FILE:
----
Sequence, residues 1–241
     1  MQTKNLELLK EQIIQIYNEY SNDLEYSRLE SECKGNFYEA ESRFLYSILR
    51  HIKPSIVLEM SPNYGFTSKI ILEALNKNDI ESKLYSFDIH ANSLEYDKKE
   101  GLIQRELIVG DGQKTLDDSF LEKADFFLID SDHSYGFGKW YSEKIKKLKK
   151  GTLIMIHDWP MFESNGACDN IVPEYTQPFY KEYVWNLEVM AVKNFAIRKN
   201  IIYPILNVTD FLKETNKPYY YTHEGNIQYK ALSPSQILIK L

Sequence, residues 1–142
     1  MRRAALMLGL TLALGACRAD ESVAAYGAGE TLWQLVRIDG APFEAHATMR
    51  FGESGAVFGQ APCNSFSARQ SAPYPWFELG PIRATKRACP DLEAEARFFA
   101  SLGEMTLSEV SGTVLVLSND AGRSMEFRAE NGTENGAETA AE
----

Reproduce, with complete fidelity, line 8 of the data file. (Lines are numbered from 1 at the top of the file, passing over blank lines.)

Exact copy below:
     1  MRRAALMLGL TLALGACRAD ESVAAYGAGE TLWQLVRIDG APFEAHATMR